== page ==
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Volume 2012, Article ID 478631, 22 pages
Review Article

Direct Acting Antivirals for the Treatment of Chronic Viral Hepatitis

Section of Hepatology and Gastroenterology, Department of Medicine, Imperial College, St Mary’s Campus, London W2 1PG, UK

Received 17 September 2012; Accepted 8 October 2012

Academic Editors: M. Clementi and W. Vogel

Copyright © 2012 Peter Karayiannis. This is an open access article distributed under the Creative Commons Attribution License, which permits unrestricted use, distribution, and reproduction in any medium, provided the original work is properly cited.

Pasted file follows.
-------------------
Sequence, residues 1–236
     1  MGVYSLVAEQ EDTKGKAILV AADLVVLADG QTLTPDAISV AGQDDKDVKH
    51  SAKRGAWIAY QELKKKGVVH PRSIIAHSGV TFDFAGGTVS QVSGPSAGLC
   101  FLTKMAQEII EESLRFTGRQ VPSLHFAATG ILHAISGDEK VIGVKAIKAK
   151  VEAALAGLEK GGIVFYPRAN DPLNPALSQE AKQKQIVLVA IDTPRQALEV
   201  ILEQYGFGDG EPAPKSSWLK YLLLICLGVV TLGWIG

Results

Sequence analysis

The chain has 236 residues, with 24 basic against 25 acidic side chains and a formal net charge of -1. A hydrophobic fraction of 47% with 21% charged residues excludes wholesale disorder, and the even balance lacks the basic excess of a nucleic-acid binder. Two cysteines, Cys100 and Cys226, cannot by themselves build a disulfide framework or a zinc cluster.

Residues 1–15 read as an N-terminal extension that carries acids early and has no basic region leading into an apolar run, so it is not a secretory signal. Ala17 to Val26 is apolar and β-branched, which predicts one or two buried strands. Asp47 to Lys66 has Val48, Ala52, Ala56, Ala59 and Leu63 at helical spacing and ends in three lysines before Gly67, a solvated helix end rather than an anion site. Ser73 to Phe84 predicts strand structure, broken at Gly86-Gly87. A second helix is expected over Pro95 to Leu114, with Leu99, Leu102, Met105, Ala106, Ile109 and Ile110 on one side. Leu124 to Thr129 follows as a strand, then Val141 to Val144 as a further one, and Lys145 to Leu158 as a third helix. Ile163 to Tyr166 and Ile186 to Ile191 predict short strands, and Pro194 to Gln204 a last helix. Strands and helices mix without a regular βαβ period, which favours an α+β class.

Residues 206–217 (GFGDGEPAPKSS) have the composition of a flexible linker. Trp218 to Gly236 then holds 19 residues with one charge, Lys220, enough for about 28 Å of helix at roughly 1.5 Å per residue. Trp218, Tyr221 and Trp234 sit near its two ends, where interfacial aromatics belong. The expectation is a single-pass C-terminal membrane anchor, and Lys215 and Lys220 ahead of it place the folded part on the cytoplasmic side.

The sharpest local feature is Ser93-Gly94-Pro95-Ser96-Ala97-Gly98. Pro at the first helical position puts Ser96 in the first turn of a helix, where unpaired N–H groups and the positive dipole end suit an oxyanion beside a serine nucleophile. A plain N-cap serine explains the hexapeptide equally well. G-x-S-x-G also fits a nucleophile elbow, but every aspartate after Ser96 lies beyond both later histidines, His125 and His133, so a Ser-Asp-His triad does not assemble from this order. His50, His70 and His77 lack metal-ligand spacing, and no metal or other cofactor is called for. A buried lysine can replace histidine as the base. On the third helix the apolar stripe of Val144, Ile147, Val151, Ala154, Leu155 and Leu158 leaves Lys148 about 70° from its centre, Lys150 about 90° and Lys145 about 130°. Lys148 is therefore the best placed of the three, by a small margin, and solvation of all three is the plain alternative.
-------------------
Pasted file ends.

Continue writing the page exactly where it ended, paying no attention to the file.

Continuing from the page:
The development and evaluation of antiviral agents through carefully designed clinical trials over the last 25 years have heralded a new dawn in the treatment of patients chronically infected with the hepatitis B and C viruses, but not so for the D virus (HBV, HCV, and HDV). The introduction of direct acting antivirals (DDAs) for the treatment of HBV carriers has permitted the long-term use of these compounds for the continuous suppression of viral replication, whilst in the case of HCV in combination with the standard of care [SOC, pegylated interferon (PegIFN), and ribavirin] sustained virological responses (SVRs) have been achieved with increasing frequency. Progress in the case of HDV has been slow and lacking in significant breakthroughs.This paper aims to summarise the current state of play in treatment approaches for chonic viral hepatitis patients and future perspectives.